Over half a century ago, a pub landlord could explicitly discriminate against anyone wishing to enter his premises – for whatever reason. Those who believe that he should have the freedom to do so today will overlap with those who believe we should have the freedom to live our lives tomorrow without vaccine passports.
It is an irony that the workings of the second will be made problematic by the provisions of the first – at least, without a state-run scheme in place (and perhaps not even then).
No service provider who discriminates against those who have been advised not to vaccinate, such as pregnant women, and perhaps too against those who refuse the vaccine for reasons of conscience, would last long in court. The same goes for employers – with knobs on. Which can lead to only one of two outcomes.
First, our imaginary landlord doesn’t attempt his own vaccine passports at all. Or else provides for exceptions and exemptions which make them difficult to police effectively. While the landlord next door does something different.
Boris Johnson clearly believes that a state-run scheme is preferable to this looming freelance chaos (as many voters would surely see it). So, first things first: there is talk of governments banding together to require a uniform state-licensed document for travel abroad. We’ll believe that when we see it.
And look forward to the domestic reaction if or when the EU, for example, insists on British citizens producing such a document as a condition of entry into member states.
But until or unless that happens, governments abroad will continue to demand, as part of their border control measures, a range of documents to cover a range of conditions – as now. Indonesia will continue to require proof of vaccination against polio; the Phillipines, for meningitis; Brazil, for yellow fever.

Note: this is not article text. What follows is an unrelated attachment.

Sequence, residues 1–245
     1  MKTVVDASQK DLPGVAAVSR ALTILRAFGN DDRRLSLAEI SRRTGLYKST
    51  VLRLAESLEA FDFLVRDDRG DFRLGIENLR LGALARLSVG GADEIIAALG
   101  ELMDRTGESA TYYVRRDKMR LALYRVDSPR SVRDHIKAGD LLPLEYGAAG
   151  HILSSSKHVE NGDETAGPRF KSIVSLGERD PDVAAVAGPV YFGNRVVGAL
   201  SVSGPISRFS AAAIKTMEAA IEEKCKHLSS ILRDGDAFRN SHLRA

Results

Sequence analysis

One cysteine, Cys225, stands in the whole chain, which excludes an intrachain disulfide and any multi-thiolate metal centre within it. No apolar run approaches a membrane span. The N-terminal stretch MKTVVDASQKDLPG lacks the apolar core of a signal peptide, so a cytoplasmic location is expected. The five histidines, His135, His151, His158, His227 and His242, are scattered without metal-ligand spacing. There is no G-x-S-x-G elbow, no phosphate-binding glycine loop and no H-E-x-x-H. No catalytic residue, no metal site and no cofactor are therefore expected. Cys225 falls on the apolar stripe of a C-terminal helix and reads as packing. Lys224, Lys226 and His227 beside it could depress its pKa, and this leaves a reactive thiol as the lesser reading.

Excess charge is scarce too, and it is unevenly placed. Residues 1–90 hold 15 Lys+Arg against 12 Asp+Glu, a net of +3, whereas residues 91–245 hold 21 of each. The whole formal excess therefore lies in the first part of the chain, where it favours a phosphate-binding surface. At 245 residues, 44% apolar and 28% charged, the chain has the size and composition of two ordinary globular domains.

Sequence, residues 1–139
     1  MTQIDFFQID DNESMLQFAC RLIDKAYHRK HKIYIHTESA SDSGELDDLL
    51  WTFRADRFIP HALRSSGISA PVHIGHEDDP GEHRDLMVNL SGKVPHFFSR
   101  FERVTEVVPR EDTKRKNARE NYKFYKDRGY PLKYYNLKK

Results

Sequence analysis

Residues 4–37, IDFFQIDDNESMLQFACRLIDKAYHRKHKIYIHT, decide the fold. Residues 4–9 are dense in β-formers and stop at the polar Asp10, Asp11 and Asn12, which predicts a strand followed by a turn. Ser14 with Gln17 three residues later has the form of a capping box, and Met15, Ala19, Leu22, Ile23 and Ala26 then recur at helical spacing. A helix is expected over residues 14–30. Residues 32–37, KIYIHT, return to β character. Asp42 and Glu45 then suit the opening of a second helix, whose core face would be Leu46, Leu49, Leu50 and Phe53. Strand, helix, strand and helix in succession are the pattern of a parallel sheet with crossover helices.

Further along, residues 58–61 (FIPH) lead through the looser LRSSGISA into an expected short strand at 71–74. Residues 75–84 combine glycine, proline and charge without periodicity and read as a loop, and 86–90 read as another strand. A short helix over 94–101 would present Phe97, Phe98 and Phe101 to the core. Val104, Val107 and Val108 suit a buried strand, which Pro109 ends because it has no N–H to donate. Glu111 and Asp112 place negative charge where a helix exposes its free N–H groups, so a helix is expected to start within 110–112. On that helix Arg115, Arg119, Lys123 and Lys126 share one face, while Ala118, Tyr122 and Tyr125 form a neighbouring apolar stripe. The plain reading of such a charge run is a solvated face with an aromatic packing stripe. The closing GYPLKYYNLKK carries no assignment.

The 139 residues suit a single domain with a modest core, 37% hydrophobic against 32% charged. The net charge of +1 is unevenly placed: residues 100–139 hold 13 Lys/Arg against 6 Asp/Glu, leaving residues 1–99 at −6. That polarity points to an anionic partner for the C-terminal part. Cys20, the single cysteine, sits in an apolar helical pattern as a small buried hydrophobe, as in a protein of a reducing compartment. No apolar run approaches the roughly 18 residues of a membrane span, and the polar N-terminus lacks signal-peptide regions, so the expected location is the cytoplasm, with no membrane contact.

And so on: so there’s no need for a new state-licensed system to enable Brits to go abroad. So let’s turn our gaze back to home, mull such a system here, and ask: what is the question to which it would be the answer?
Ministers will not want to argue that the purpose of a scheme will be to raise vaccination rates. This is because such a system would arguably be forced medication – which remains illegal for physical conditions, and might therefore run up against our international obligations, not least under the European Convention of Human Rights.
The Prime Minister set out a different case yesterday: that there is a trade-off between vaccine passports and full opening, at least where big events are concerned. No passports, and the rigours of social distancing will apply: meaning fewer bottoms on seats, lower profits, less pleasure – and less “old normal”.
We understand his and Ministers’ dilemna – faced as they are with the turbulent prospect of a Covid passports free-for-all, and its consequences. And we appreciate why that trade-off could bite hard during the next few months.
But not every adult will have been offered a first dose until the end of July. So how could it be fair to exclude someone from a concert hall, say, between May 17 and early August if they haven’t had the chance to have even a single vaccine shot? What about under-18s after July 31, who mostly won’t have had that opportunity either?
It is considerations like these which seem to be pushing Ministers away from earlier dates and vaccine passports towards later ones and mass testing. This is just as well.